# Maximum voltage on coaxial cable?

• cdummie
In summary: And the point is chosen in such way that the electric field is the same at that point whether it's dielectric or free-space. This means that the dielectric constant is the same as free-space. In summary, the problem is asking for the maximum voltage that a coaxial cable, with a height of L and filled with a homogeneous and linear dielectric, can handle if the maximum electric field is 3MV/m and the inner radius is 2cm and the outer radius is 2.72 times the inner radius. The cable is filled with dielectric to a certain point, and the electric field is the same at this point whether it is in the dielectric or free space. This suggests that the dielectric constant is the
cdummie

## Homework Statement

How to determine maximum voltage that coaxial cable, whose height is L and is filled with dielectric in such way that E is the same in the dielectric and in the part of the cable that isn't filled with dielectric (only vacuum),can handle if i have maximum electric field that is E=3MV/m, and i have inner radius a=2cm and outer b=2.72a. Dielectric is homogeneous and linear.

## The Attempt at a Solution

I tried like this U=∫E*dl but since i know exact value of Emax and no data for εr and Qmax i can't solve this.

cdummie said:

## Homework Statement

How to determine maximum voltage that coaxial cable, whose height is L and is filled with dielectric in such way that E is the same in the dielectric and in the part of the cable that isn't filled with dielectric (only vacuum),can handle if i have maximum electric field that is E=3MV/m, and i have inner radius a=2cm and outer b=2.72a. Dielectric is homogeneous and linear.

## The Attempt at a Solution

I tried like this U=∫E*dl but since i know exact value of Emax and no data for εr and Qmax i can't solve this.

The part I bolded looks like a typo -- is it?

The breakdown voltage will depend on the breakdown voltage of the dielectric and the spacing between the conductors. If you have the maximum electric field and the separation (and the dielectric constant), you should be able to calculate the breakdown voltage.

Last edited:
berkeman said:
The part I bolded looks like a typo -- is it?

The breakdown voltage will depend on the breakdown voltage of the dielectric and the spacing between the conductors. If you have the maximum electric field and the separation (and the dielectric constant), you should be able to calculate the breakdown voltage.

I don't know what you mean, bolded part is correct b=2.72a, that's the given value. I don't have the value for the dielectric constant, if i had i could easily find Qmax and then find U using E expressed with Qmax. The problem is that i don't have dielectric constant.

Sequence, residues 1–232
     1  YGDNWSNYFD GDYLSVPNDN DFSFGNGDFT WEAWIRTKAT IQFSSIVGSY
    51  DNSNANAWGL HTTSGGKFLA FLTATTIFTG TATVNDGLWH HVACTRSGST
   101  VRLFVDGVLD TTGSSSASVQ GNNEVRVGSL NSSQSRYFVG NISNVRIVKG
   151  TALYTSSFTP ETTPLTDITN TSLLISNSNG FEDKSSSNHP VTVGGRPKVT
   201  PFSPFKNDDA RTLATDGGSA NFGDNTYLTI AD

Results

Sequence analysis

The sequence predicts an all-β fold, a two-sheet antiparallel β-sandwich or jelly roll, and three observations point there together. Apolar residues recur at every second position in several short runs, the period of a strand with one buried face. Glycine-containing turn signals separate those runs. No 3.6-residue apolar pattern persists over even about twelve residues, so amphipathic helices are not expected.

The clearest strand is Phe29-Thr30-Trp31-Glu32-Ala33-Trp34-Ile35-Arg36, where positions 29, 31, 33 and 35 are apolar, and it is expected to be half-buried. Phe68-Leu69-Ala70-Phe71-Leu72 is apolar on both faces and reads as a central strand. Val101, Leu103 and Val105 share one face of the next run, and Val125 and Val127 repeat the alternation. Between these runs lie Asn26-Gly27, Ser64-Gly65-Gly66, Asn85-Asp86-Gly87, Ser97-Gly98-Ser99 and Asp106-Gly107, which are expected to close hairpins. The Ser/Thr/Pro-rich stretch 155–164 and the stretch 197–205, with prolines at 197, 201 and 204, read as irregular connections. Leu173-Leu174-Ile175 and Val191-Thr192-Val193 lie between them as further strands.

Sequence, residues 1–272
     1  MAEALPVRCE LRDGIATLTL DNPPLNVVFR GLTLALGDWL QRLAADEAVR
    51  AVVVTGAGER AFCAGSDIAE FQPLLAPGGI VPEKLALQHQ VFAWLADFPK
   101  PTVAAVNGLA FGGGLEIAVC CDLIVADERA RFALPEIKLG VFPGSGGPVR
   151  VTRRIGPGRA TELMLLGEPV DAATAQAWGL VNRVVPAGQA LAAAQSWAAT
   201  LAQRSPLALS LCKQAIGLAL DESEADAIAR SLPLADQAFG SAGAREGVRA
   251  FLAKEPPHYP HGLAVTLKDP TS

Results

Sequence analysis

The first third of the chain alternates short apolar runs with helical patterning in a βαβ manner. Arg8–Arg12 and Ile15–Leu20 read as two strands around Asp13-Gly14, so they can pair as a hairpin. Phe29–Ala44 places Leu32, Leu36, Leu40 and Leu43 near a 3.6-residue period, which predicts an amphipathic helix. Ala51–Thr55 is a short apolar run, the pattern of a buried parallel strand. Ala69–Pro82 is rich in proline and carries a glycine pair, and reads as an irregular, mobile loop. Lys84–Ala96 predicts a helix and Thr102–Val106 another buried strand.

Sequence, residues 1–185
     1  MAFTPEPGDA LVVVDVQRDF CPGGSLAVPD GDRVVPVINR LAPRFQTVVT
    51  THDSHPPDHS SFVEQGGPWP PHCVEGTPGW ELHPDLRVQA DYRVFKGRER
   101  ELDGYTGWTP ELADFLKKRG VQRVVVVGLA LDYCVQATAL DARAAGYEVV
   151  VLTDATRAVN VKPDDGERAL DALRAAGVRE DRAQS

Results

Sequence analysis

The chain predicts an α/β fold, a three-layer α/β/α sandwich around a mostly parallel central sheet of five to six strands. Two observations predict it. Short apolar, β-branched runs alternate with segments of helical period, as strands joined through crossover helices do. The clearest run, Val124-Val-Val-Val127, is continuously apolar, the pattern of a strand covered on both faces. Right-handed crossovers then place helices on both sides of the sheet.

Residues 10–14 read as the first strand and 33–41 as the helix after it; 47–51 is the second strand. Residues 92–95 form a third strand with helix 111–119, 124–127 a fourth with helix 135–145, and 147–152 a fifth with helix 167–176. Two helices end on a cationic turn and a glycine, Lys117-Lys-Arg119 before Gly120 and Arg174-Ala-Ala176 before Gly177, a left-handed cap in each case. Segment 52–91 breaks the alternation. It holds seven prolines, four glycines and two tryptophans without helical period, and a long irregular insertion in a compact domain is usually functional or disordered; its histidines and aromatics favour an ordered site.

cdummie said:
I don't know what you mean, bolded part is correct b=2.72a, that's the given value. I don't have the value for the dielectric constant, if i had i could easily find Qmax and then find U using E expressed with Qmax. The problem is that i don't have dielectric constant.

Oh, I see now. The outer radius is given as a multiple of the inner radius -- that's what was confusing me about the dimensions.

The rest of the question is a bit confusing as well. Is there a figure that you can post? What does it mean when it seems to say

cdummie said:
and is filled with dielectric in such way that E is the same in the dielectric and in the part of the cable that isn't filled with dielectric

That makes no sense unless the dielectric constant is the same as free space. Is the problem copied word-for-word?

berkeman said:
Oh, I see now. The outer radius is given as a multiple of the inner radius -- that's what was confusing me about the dimensions.

The rest of the question is a bit confusing as well. Is there a figure that you can post? What does it mean when it seems to say
That makes no sense unless the dielectric constant is the same as free space. Is the problem copied word-for-word?
It's not completely filled with dielectric, it's filled with dielectric to the some point and rest is free-space.

## 1. What is the maximum voltage that a coaxial cable can handle?

The maximum voltage that a coaxial cable can handle depends on various factors such as the quality of the cable, its length, and the type of insulation used. Generally, most standard coaxial cables can handle voltages up to 3000 volts.

## 2. What happens if the maximum voltage on a coaxial cable is exceeded?

If the maximum voltage on a coaxial cable is exceeded, it can cause the cable to overheat, leading to damage or failure. This can also result in electrical arcing, which can be a fire hazard and cause serious damage to equipment.

## 3. Is there a difference in the maximum voltage for different types of coaxial cables?

Yes, there can be a difference in the maximum voltage for different types of coaxial cables. For example, RG-6 cables used for cable and satellite TV installations have a maximum voltage of 300 volts, while RG-11 cables used for high-speed data transfer can handle up to 5000 volts.

## 4. Can the maximum voltage on a coaxial cable be increased?

No, the maximum voltage on a coaxial cable cannot be increased beyond its maximum limit. Attempting to increase the voltage can cause serious damage to the cable and any connected equipment.

## 5. How can I determine the maximum voltage for a specific coaxial cable?

The maximum voltage for a specific coaxial cable can usually be found in the cable's specifications provided by the manufacturer. It is important to always check the specifications before using a cable to ensure it can handle the required voltage for your application.

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